Warning: d never becomes "semi-global", as it can in APL. You can't see its value inside the definition of any verb called by digit. What you'll see is the global value of d, if there is one.

When entering expressions directly into IJX, either =. or =: can be used and the effect is the same.

This is convenient when re-executing lines from a verb listing in IJX.

By assigning y and x sample values, you can simulate the execution of a given verb line-by-line, without using the debugger.

Warning: the noun result is used also by the gui, to echo the contents of the eponymous edit field.

This is why we don't need an actual statement to fetch result from the form: the gui updates it automatically for us.

Conditional statements in J, all on one line

Yet another thing to notice about digit is the syntax of a conditional statement {36xlq4t}. Also the way J contrives to fit two logically distinct statements on the same line, without having a "diamond" separator ().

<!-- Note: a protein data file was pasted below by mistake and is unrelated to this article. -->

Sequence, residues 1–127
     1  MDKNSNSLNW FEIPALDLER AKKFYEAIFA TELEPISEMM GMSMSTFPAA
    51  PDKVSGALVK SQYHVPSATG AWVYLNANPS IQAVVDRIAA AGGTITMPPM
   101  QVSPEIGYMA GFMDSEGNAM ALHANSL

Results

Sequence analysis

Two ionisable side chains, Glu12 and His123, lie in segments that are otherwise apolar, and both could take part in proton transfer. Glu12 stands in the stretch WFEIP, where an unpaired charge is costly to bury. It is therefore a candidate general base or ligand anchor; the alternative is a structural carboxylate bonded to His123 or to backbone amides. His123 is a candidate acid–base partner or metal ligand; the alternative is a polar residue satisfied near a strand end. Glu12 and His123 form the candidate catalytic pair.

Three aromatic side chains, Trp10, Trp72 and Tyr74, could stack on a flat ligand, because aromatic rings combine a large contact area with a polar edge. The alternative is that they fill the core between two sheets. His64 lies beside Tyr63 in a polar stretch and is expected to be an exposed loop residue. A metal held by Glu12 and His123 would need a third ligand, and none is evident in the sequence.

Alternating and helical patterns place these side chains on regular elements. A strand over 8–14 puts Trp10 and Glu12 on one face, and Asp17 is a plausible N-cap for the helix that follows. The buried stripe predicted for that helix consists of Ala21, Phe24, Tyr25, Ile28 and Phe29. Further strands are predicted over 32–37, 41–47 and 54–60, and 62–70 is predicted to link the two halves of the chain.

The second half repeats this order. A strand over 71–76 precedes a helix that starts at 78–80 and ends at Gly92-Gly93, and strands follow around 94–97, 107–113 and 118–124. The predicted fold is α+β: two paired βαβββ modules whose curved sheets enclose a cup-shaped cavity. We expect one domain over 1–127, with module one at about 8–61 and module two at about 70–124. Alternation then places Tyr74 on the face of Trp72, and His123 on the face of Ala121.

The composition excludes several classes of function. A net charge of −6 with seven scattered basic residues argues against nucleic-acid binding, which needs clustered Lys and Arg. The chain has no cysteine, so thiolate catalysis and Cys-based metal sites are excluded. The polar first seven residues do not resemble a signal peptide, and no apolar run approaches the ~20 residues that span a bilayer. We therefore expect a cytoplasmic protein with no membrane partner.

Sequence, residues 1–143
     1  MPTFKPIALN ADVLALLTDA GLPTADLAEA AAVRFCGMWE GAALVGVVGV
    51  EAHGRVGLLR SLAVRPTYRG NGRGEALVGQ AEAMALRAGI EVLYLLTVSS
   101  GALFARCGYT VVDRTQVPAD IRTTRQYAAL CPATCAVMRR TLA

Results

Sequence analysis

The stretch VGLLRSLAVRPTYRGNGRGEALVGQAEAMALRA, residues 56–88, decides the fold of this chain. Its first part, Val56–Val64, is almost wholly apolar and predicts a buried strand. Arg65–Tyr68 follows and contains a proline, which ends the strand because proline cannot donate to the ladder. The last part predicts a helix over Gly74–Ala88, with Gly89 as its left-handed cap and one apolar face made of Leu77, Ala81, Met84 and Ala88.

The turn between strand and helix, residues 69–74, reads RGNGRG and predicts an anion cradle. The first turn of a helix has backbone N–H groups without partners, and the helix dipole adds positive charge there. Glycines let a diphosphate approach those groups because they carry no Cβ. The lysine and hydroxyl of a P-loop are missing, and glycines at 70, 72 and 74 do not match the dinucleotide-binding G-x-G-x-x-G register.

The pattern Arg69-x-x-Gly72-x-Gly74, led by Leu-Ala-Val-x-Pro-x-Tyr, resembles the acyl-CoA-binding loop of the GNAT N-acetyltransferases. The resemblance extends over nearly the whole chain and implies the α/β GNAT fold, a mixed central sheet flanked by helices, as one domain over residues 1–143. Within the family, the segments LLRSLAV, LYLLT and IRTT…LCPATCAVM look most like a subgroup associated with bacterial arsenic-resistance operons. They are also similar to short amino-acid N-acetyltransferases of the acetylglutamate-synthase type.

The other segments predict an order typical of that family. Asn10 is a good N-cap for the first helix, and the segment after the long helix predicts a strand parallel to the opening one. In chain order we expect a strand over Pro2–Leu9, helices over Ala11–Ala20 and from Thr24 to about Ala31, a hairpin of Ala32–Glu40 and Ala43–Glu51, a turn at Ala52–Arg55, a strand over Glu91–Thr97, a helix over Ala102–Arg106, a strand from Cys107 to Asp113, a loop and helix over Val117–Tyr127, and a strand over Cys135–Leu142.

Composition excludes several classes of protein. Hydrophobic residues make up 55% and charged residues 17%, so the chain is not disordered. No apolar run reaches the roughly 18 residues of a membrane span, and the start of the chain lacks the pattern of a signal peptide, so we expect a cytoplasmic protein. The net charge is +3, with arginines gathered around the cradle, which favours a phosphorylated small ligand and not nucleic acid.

Note that x [ y returns the value: x. But y needs to be evaluated in order to do that.

Warning: don't assume ([) behaves exactly like ().

For one thing, APL evaluates expression1 ⋄ expression2 in the order: expression1 then: expression2,

but J evaluates expression1 [ expression2 in the order: expression2 then: expression1.

For another thing, J "looks ahead" when extracting tokens to evaluate from a train,

so there are occasionally strange effects, words not being updated in the order you expect.

If that happens, try: expression1 [[ expression2

Writing an ambivalent verb